Last week the USDA released their current estimate of this year’s corn crop, 15.234 billion bushels eclipsing the prior record in 2016 of 15.148 billion bushels. On Friday the U.S. average cash corn price was $4.39 bushel. $4.39 is the lowest price since early 2021 and a lot lower than the $8.00 bushel seen in the spring of 2022.
As we talk to people across the Midwest, most are pleased with their yields. Many saying it’s at record levels for them. Lots of stories of traditional storage facilities full and corn being piled outside with no other storage options. No doubt a huge crop. For hog producers after paying big prices for corn the last couple years a positive step in lowering cost of production. Farmer Arithmetic – If you use 10 bushels of corn as a measurement to raise a hog, every 10¢ decline lowers cost of production by $1.00 per head. The extreme $8.00 bushel to $4.39 now would be a $36 decline per head. Real Money.
In 2016-17 crop year with the prior record corn production, the average price was $3.65. The current $4.39 is still significantly higher. It will be interesting when the corn demand will come from with Brazil having significantly larger crops now than in 2016 to compete with the world markets.
High feed costs the last two years have been devastating financially for many swine producers. If you grow corn and feed to hogs, put manure on crop land the whole farm income was okay. Unfortunately, about 80% of all hogs raised by people who don’t grow grain. The high feed prices have led to big losses in many scenarios. All you have to do is look at publicly traded swine companies and calculate an estimated loss per head of over $30.
We use the terms regularly of “surest cure to high prices is high prices” and “surest cure for low prices is low prices.”
In our opinion high corn prices has encouraged greater production in the U.S. and the world. The USDA projects world corn production of 1,220,000 metric tonnes or just over 48 billion bushels. Prior to the U.S. corn ethanol program mandates which spiked U.S. and global grain prices world corn production was much lower.
2009 – 32 million bushels
2010 – 33 million bushels
2011 – 35 million bushels
There was never a 40-million-bushel world crop until 2013, after Brazil, Argentina, Russia, Ukraine etc. all increased acreage plantings and began more intensive crop production driven by higher prices and opportunity. From what we can observe in many countries outside USA – Canada – Europe lower land costs and arable land availability are encouraging ever more acres to come into production. We don’t see anything but a steady increase in world corn production as more acres, better hybrids, better technologies push yields higher = more acres x higher yields = more corn. Farmer Arithmetic.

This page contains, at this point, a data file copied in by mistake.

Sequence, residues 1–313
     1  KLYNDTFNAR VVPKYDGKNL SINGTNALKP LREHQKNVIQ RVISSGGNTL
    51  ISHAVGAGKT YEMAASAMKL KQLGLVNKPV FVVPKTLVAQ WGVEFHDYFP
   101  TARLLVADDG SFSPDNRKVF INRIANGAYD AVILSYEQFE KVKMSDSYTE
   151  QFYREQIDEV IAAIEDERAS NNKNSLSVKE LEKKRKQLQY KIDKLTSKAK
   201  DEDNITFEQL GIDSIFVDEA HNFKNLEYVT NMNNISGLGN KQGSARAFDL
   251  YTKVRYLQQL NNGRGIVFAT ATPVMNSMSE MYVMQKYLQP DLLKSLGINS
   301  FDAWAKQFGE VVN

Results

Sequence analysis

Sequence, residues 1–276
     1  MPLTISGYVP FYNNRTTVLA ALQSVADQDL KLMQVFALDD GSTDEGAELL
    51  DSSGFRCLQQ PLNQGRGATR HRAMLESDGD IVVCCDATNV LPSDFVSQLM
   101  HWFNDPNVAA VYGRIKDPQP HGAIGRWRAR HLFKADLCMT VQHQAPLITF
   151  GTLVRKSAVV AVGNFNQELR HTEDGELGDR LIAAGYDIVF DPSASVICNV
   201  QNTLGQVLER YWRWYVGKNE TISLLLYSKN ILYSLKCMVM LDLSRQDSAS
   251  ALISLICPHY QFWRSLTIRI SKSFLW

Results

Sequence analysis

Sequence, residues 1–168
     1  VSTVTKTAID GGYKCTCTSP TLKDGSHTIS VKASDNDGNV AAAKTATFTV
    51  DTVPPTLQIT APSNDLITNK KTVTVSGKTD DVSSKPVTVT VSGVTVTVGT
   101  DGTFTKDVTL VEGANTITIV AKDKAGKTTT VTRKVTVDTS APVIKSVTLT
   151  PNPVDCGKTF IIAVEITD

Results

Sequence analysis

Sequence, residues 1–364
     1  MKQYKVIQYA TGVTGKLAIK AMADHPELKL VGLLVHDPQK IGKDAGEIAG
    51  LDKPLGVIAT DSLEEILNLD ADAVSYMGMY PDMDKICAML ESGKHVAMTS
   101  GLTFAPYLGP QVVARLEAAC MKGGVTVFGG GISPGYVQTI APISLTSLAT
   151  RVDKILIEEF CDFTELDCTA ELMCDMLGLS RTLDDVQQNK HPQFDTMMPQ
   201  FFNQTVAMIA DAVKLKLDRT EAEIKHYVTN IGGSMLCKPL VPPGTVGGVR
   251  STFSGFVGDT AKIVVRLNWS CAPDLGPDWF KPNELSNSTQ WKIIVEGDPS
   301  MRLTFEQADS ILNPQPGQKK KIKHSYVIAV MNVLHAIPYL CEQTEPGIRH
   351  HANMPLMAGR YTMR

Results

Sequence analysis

A producer talked to us the other day of the frustration of observing corn producers relative to hogs. Hogs 365-day responsibility, large capital outlay very little government support. Corn farmers busy a few weeks in spring a few weeks in fall, government support and Arizona in winter. Sounds petty but a feeling of many hog farmers.
Better Tasting Pork
We believe for as an industry to push pork demand we need to produce better tasting pork. Below is an excerpt of an article by Patrick Fleming a pork industry veteran on the opportunity from better tasting pork.
“Retailers and packers – it’s time to bifurcate the pork selection in the meat case. Pork can bring in more dollars, but only if consumers have more options. If we’re only offering up commodity pork to our customers, we can only sell them commodity pork. But according to our research, consumers are ready for branded, differentiated pork options.”
Link to the full article: https://midanmarketing.com/blog/its-about-to-be-porks-big-moment-dont-mess-it-up/
This past week Allan Bentley, Genesus Sales and Technical Manager who is based in Nebraska highlighted a huge issue in our industry. Allan has been with Genesus over 10 years and prior to those 20 years with Tyson. In this time, he has got to know many producers and seen their changes in our industry. Unfortunately, one of the changes Allan highlighted is the creeping increase of finishing barn mortality. A real leaker of profits. The chart below puts the facts to it.
In our opinion part of the creeping mortality is from evolving genetics towards lower appetite pigs. It’s a genetic philosophy we at Genesus don’t believe in, you need pigs that eat to fend of disease challenges. Most of us don’t like pulling dead pigs, it’s not a nice job and every dead is just an economic loss. Pigs need to eat to live.